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20 October 2020
Scottish Government urged to increase climate change support

Photo credit: Tommy Trenchard/Oxfam

Scottish Government urged to increase climate change support

The Scottish Government should increase financial support to poorer countries to help deal with the effects of climate change, climate organisations have said.

A coalition of charities and trade unions is urging the Scottish Government to “significantly” increase its Climate Justice Fund and encourage other wealthy countries to take similar steps before it hosts COP26 in Glasgow.

The call comes in light of a new global report from Oxfam that finds rich countries are currently “short-changing” developing countries by billions of dollars each year.

Stop Climate Chaos Scotland, a coalition of 55 groups, trade unions and charities, including Oxfam Scotland, said that the Scottish Government should show “leadership” before hosting the UN’s global climate change conference COP26 next year.

The coalition says that rich countries like the UK have a responsibility to help poorer countries adapt to the impacts of climate change.

In a new report, the coalition urges the Scottish Government to significantly increase its £3m per year Climate Justice Fund, possibly to a minimum of £10m per year.

A separate global report from Oxfam finds that wealthy countries are under-reporting the value of the climate assistance they are giving to developing countries.

Oxfam says that of the nearly $60bn reportedly spent by wealthy countries on average per year in 2017 and 2018 on climate finance, the true value could be as little as between $19bn and $22.5bn.

In addition, the charity says that most of this money is given as loans, adding to the ”crippling” dept many developing countries already face.

Anne Funnemark, campaign director at Jubilee Scotland and lead author of Stop Climate Chaos Scotland’s report, said: “The climate emergency is, quite literally, costing the earth for developing countries. Ahead of COP26 in Glasgow, rich countries must demonstrate that they will stand shoulder to shoulder with the world’s poorest people by offering more financial support to countries on the frontline of the climate emergency to adapt to climate change while also compensating them for their losses. 

“As home to the host city of COP26, the Scottish Government has the opportunity to show global leadership by boosting the support it gives to poor countries via its Climate Justice Fund while encouraging other countries to take similar action.”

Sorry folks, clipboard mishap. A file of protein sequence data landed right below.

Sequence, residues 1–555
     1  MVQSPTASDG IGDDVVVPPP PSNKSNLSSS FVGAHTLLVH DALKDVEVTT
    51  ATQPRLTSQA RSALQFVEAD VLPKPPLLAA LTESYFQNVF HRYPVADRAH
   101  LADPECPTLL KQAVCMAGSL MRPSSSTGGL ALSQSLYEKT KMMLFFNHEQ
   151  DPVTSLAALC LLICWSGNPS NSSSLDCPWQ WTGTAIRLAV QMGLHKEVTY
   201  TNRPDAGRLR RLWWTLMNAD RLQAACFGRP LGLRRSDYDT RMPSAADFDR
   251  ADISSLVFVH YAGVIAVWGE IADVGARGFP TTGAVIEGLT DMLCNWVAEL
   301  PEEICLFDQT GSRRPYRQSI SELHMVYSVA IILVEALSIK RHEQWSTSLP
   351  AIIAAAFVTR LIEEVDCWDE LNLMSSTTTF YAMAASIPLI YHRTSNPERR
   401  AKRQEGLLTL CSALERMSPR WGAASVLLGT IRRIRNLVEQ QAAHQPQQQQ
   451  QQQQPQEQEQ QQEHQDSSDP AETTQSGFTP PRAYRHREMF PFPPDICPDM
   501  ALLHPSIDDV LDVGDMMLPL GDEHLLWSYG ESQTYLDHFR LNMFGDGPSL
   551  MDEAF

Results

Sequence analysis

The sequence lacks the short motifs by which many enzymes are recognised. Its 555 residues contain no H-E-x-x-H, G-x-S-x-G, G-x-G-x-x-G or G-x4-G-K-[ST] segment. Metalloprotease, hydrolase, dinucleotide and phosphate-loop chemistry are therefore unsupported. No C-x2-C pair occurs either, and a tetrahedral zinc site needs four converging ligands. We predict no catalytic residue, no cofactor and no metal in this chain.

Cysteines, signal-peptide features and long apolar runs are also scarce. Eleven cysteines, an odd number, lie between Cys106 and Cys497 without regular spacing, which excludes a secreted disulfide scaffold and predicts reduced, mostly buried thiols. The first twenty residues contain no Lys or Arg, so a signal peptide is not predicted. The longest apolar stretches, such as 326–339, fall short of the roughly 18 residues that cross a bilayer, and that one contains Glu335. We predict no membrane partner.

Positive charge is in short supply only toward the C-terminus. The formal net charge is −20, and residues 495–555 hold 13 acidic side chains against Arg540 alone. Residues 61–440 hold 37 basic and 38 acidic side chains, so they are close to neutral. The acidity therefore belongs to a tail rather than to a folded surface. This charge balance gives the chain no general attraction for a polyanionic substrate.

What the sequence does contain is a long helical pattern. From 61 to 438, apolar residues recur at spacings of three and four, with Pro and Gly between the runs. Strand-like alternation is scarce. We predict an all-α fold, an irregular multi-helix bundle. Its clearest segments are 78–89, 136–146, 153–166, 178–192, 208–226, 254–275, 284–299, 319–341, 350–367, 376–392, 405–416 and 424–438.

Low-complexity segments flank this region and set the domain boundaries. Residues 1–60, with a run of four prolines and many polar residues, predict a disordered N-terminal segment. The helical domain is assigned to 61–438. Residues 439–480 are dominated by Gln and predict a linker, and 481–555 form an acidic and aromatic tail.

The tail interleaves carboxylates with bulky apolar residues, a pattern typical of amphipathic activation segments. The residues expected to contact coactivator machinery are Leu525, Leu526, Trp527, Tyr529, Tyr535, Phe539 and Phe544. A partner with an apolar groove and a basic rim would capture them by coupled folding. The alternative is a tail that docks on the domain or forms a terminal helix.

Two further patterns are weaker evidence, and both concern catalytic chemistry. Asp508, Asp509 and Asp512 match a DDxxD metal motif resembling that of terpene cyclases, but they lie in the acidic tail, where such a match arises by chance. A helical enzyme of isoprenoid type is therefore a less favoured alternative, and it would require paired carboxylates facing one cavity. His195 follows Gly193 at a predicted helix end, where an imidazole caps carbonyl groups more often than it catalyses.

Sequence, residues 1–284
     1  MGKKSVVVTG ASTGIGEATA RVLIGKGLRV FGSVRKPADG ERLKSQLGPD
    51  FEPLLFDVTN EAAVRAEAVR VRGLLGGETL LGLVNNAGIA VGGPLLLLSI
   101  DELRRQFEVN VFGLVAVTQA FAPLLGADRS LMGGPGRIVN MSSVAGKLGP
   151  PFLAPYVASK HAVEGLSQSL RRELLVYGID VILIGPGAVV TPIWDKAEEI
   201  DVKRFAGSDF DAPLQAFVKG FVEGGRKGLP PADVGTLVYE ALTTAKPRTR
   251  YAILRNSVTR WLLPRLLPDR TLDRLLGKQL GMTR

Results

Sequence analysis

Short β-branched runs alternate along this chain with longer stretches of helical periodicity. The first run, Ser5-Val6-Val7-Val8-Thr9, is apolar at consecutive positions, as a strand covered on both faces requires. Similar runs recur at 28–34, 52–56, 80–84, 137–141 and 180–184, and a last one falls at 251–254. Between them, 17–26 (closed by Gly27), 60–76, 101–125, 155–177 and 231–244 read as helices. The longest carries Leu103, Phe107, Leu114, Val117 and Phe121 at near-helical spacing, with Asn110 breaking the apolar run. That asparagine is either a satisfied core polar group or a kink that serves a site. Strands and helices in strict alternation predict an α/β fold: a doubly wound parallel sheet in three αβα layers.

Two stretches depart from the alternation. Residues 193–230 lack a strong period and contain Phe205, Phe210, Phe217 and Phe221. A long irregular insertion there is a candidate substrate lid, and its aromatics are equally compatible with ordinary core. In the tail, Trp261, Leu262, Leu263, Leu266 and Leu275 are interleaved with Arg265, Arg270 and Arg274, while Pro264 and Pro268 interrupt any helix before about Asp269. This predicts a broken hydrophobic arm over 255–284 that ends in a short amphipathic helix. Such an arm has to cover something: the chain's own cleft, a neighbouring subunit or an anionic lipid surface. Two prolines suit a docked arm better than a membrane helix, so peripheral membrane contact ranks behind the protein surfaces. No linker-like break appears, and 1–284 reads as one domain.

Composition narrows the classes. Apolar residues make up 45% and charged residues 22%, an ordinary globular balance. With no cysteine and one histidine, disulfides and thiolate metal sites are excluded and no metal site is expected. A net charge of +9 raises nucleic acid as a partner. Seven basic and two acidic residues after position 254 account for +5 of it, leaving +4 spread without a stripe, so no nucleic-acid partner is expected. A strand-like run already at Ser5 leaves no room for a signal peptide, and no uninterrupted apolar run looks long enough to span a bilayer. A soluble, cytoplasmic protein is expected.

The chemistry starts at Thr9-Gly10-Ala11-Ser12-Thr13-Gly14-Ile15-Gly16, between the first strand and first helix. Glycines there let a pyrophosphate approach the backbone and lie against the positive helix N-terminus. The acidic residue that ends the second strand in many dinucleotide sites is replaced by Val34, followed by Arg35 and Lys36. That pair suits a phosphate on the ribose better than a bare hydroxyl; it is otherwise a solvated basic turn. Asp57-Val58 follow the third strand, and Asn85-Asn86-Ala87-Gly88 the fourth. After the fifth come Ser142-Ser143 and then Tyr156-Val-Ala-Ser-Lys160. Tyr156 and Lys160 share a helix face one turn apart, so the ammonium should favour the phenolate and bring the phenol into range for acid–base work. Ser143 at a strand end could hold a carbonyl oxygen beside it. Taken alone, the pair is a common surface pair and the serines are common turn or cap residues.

Jamie Livingstone, a board member of the coalition and head of Oxfam Scotland, said: “The time is well and truly up for wealthy countries who think that it’s acceptable to respond to the global climate emergency by simply making vague vows to cut their own emissions while using creative accounting to dodge their responsibility to support the world’s poorest who did least to cause the climate crisis. 

“When it comes to climate change there is an unmistakable blame but an unheard claim.  Years of stalling and obfuscation by the international community has resulted in an abject failure to adequately support poorer countries who are on the frontline of the climate emergency, or to compensate them for the homes that have become uninhabitable, the land that has become un-farmable, and the lives that have become unbearable.

“The Scottish Government must seize the chance to show that Scotland will not abandon those being hardest hit by climate change to their fate: instead, we will significantly increase the amount of financial support we give poor countries and encourage others to do likewise. 

“Doing so now, well ahead of the global climate talks in Glasgow, would send a powerful message to a watching world that climate change is not just a matter of science, technology or economics; it is a matter of justice.”

Scottish Greens environment spokesperson Mark Ruskell said: "This report serves as an important reminder of the Scottish Government’s international responsibilities when it comes to climate justice. The fact is that those most affected by the climate emergency are usually those who have done the least to cause it.

“Scottish ministers have recently admitted that it is climate breakdown that is wreaking havoc with out infrastructure, but that is nothing compared to the floods and drought, food shortages, and forced migration experienced by the global south in recent years. In that context, the Scottish Government’s eye-catching targets to reduce emissions are scarce comfort to those already living with the impact of years of inaction by the world’s richest countries.

“The Scottish Government needs to bring more than boasts about targets to COP26 next year. It needs to come with solutions to rapidly cut emissions at home and hard cash for targeted adaptation funds for the most vulnerable countries.”

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